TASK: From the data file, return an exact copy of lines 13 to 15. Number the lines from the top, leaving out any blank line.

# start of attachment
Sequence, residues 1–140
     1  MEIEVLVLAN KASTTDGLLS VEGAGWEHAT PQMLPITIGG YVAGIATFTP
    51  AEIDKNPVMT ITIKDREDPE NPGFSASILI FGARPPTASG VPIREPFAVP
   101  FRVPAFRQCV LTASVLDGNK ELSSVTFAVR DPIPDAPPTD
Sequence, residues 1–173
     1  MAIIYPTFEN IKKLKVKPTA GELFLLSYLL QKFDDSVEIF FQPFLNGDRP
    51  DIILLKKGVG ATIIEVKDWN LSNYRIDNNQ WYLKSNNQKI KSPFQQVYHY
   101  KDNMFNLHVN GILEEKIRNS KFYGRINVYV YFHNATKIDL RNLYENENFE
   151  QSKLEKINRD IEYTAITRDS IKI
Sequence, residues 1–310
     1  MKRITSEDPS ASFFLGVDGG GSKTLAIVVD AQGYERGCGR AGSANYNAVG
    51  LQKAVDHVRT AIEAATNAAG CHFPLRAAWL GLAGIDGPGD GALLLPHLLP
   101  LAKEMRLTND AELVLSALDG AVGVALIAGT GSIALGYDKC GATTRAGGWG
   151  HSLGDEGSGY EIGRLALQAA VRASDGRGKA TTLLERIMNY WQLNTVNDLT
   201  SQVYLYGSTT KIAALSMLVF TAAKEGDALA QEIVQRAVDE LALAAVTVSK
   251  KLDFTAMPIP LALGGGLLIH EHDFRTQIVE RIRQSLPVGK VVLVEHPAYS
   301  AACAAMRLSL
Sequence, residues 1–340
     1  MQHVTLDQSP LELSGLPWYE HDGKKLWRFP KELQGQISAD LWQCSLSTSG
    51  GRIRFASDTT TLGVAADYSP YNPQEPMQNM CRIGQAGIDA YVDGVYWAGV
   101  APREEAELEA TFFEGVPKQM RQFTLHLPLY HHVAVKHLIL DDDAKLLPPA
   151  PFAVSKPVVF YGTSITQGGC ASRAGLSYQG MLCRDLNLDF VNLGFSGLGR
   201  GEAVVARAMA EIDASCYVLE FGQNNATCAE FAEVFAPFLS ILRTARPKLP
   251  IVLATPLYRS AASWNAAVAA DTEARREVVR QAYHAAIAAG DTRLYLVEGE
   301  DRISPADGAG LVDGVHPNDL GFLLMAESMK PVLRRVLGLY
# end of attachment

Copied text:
   101  LAKEMRLTND AELVLSALDG AVGVALIAGT GSIALGYDKC GATTRAGGWG
   151  HSLGDEGSGY EIGRLALQAA VRASDGRGKA TTLLERIMNY WQLNTVNDLT
   201  SQVYLYGSTT KIAALSMLVF TAAKEGDALA QEIVQRAVDE LALAAVTVSK